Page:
The best two-game stretch of Pervis Louder’s career has come since a shift to a new role. But at what cost to Air Force?
The junior guard scored 14 points at Denver on Saturday, dunking home the game-winner with 3.7 seconds remaining. He then scored 15 points with seven rebounds and six assists in a victory over Western State on Wednesday.
Louder made 10 of 12 shots in the games.
So, what’s the problem?
Those were the first two games Louder has come off the bench this season. As he was sitting, Air Force spotted Denver an 18-3 lead and Western State an early 10-point advantage.
It’s not as if his presence immediately fixed the situation. Denver’s lead swelled to 27-5 before a Louder 3-pointer began the comeback, while Division II Western State went up 27-4 before Louder scored four straight points, assisted on the next two Falcons’ buckets and then hit two free throws to spur the rally.
“He really brings the energy,” said teammate Lavelle Scottie of Louder. “He gets the ball and he just goes. We want him to go.”
Coach Dave Pilipovich pondered the dilemma of when best to tap into Louder’s energy. He has been playing starter’s minutes since going the bench – his 55 minutes in the past two games trail only Trevor Lyons (66) and Scottie (57), and no one else is over 48 – and he’s been effective in this role.
“You can argue, well, maybe (starting him) gives you that early and then maybe you don’t get off to a slow start,” Pilipovich said. “But I think he gets a chance to settle in and see what’s going on. And then sometimes he comes in and there’s a second-line player with him and maybe he’s a better player, and now they have to adjust to a first-line guy and he’s already on a roll going. … It’s kind of nice to have that to go to off the bench.”
For some players, a drop from the starting lineup would bruise the ego. Louder, who has seen his playing time fluctuate throughout his time with the Falcons, said he doesn’t particularly care.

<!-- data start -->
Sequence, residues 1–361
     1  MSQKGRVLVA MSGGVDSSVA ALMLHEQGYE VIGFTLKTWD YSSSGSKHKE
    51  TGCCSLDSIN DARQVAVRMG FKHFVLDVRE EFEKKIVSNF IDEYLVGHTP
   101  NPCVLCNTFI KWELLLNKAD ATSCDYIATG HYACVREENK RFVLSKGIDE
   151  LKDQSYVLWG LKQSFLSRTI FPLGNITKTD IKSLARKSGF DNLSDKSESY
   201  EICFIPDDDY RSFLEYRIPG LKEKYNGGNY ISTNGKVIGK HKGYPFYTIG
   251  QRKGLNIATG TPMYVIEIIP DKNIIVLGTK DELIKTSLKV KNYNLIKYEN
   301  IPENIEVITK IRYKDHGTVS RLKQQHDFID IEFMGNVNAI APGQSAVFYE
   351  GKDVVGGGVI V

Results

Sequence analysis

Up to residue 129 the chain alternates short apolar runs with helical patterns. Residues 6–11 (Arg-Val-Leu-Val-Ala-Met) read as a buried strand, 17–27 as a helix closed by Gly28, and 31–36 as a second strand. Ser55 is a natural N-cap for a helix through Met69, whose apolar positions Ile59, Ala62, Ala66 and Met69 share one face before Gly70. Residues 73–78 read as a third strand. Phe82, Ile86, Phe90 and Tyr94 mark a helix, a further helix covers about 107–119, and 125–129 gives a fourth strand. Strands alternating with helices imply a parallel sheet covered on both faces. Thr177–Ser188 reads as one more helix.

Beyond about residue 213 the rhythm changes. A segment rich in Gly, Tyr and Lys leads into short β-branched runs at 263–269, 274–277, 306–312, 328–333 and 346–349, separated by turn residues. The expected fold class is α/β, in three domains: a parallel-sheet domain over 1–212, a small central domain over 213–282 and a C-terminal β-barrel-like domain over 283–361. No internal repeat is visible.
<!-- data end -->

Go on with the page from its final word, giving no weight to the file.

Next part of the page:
“I guess my role, you could say, is to bring energy,” the 6-foot-4 North Carolina native said. “That’s what I try to do. It doesn’t really matter to me if I’m coming off the bench or if I’m starting. Even if I play one minute, I’m going to give it all I’ve got.”
Whatever role Louder ultimately receives, it’s clear the Falcons need (5-3) him. Identified by Pilipovich as a “Mountain West athlete” during his freshman year, Louder has helped Air Force to a 4-2 record over the past two years when he has scored in double figures.
The team’s most disappointing loss this season – an 81-69 setback at home to Pacific – came during a three-game stretch in which Louder sat with a sprained ankle. When Louder has played at least 20 minutes, Air Force is 3-1. He is shooting a team-best 64 percent from the field and has scored 59 points through five games. He scored 66 points during his sophomore season and 73 as a freshman, so this clearly has the makings of a breakout campaign.
Louder’s role isn’t the only question as this team settles into a rotation. Senior guards C.J. Siples and Jacob Van, who at times have carried the team over the past two years, have seen their playing time sharply drop. They combined for just 22 minutes over the past two games. Dane Norman hasn’t settled into a regular spot, though his springy 6-foot-9 frame will certainly keep him in the mix.
The Falcons have four games remaining – starting Wednesday against Abilene Christian (5-3) at 7 p.m. at Clune Arena – to sort through these issues before they travel to New Mexico for the Mountain West opener Dec. 27.